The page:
Will your return to the office have a fairytale ending?
Heigh-ho! It's back to work we go - for many of us, at least. But whether you feel happy about returning to the office or a little bashful, it is still a time of great uncertainty.
Will it be safe? Will I harm my career if I don't go back? Will my boss accept my decision to carry on working from home? How we approach these questions will depend, to a large extent, on our personal 'script' - a kind of fairytale we created for ourselves in childhood which unconsciously drives many of our decisions. And like all fairytales, it will include an element of 'magical thinking'.
For example, if I want the happy ending I must work hard, suffer and wait to be kissed in my sleep by a (rather creepy) stranger. Such scripts, as they are called in the theory of transactional analysis, are a useful way of dealing with unresolved childhood issues such as how to get unconditional love and acceptance. Of course, their 'magical' solutions don't work when dealing with real-life practical issues such as navigating the return to workplaces amid a pandemic. But being aware of your personal script can help you understand and deal with some of the anxieties that will inevitably arise.
Let's say that when you were a child you received the unspoken message from your parents: 'We'll only love you if you work hard and put your own needs last.' They probably wouldn't have meant to give you this message, but may have been overwhelmed first-time parents who were unconsciously fearful of their own needs not being met.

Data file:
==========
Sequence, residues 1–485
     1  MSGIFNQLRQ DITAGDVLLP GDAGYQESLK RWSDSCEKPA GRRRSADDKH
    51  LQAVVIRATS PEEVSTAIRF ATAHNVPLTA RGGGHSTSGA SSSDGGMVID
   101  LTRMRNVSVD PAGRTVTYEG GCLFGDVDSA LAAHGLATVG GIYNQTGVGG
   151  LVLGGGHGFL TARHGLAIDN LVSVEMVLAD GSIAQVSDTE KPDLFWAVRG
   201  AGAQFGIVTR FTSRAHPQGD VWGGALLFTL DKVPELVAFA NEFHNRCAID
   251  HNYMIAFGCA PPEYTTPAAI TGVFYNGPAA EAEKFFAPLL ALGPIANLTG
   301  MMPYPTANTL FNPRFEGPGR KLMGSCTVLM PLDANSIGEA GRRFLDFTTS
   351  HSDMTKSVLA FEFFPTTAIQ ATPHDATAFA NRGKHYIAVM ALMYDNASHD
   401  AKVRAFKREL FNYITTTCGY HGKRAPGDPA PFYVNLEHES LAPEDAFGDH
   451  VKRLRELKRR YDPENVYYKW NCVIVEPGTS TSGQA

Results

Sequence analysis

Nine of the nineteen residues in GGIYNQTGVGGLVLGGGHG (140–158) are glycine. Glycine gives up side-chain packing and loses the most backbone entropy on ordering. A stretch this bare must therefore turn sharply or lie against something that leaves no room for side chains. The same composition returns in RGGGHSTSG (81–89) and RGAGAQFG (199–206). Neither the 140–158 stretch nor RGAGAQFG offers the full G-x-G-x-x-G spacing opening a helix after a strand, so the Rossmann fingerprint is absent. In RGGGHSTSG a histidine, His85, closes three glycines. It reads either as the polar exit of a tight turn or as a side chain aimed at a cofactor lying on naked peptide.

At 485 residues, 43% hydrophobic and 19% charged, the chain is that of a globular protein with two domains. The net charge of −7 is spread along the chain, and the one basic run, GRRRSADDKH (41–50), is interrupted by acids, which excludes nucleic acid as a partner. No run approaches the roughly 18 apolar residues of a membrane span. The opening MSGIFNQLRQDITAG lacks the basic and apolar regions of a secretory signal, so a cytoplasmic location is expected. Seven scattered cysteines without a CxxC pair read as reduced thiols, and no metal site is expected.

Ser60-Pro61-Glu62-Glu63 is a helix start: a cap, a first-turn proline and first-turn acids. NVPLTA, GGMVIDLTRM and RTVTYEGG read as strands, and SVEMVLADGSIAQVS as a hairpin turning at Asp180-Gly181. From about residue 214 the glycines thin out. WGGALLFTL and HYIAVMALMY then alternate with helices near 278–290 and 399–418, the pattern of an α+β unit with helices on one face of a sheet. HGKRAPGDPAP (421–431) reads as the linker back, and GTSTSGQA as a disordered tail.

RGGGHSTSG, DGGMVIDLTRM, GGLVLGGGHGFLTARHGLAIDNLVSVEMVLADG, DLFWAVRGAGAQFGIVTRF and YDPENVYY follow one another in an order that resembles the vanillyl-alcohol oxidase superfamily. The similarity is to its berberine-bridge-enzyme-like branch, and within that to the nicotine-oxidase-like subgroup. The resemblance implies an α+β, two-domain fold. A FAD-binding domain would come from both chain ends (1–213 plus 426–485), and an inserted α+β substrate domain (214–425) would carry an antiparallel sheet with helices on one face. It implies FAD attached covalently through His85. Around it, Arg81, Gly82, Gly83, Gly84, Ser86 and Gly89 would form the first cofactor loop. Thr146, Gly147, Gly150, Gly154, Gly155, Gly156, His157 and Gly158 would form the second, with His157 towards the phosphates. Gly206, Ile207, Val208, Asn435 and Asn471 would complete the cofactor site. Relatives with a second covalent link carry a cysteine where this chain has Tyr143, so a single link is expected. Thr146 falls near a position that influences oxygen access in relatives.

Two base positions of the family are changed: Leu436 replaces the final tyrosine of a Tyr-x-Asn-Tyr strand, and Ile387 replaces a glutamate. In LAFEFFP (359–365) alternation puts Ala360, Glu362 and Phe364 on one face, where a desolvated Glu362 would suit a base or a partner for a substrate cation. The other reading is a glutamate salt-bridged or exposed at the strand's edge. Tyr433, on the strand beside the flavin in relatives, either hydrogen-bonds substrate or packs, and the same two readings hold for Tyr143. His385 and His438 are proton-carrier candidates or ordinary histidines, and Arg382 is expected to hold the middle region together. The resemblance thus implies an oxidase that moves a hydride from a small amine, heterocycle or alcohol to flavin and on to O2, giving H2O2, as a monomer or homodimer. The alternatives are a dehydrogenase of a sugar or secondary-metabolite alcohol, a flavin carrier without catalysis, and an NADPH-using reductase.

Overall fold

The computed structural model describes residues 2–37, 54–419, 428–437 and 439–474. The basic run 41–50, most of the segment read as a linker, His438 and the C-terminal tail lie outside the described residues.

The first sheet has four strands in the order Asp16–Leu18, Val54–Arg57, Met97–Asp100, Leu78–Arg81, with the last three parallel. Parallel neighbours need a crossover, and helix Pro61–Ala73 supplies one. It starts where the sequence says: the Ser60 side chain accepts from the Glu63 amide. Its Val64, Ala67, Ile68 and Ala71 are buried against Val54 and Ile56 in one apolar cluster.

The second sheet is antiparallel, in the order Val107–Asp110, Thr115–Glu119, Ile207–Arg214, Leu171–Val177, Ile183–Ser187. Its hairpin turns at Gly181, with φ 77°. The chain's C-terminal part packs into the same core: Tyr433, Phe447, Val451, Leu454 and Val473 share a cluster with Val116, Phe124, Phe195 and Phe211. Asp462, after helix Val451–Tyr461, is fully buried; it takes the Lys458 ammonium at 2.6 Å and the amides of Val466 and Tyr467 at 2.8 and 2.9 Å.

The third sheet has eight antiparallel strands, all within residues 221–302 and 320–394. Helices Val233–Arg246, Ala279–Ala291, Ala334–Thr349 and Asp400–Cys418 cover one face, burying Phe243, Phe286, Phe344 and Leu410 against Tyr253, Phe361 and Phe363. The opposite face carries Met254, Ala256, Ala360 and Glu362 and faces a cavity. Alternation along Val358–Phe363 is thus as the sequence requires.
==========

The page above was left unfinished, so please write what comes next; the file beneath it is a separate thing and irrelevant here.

Now let's say you have grown up and your boss asks you to come back to the office after lockdown.
This situation may well trigger stress - and with it a return to your childhood script. So instead of your boss's voice, on a subconscious level, you are hearing your mother or father telling you to put your own needs last in order to be loved and accepted.
Someone blindly following this script might agree to go back - even though they are not sure that all workplace safety precautions are being taken - because of their magical belief that unless they work hard and suffer, something terrible will happen.
Of course, every person's script is different. Another common one, which I have encountered among coaching clients, contains the message: 'Don't trust people.' Perhaps you unknowingly wrote this script for yourself when a parent or someone close to you went away or died, and it was a useful way for you to feel safe as a child. But when you are an adult deciding whether to trust your boss when he or she assures you there are office safety measures in place, it is no longer so helpful. If you take that leap of faith and return to work, it would mean deviating from your protective script - and inviting 'disaster'. So you stay at home, even though there might be benefits to going back.
It's important to say that your employer might really have failed to put in proper coronavirus precautions. On the other hand, they may have done far more than you assume. The truth is, nobody is quite sure how safe returning to offices is or even whether it's desirable at all. The only way to we can approach this situation of great stress and uncertainty with true confidence is to gather as much information as we need to make an informed adult decision. So if asked to go back into the office, we can choose not to either comply without question or blindly refuse but instead calmly weigh up the facts about, say, the frequency of deep cleaning, the amount of space between desks or the ventilation.
Re-write your script
In order to access the rational, adult parts of our minds it helps to be aware of the patterns from childhood that could be influencing our thoughts without us realising it. We all have life scripts and we all feel at least some anxiety about change and uncertainty. Understanding this can help us to feel we are not alone, and that we do not have to act out our childhood story - but are free to rewrite it, if we want.
While letting go of a belief in fairytale endings is uncomfortable, it gives us a chance to shape the story of our own lives - without having to wait for our slobbery prince to come.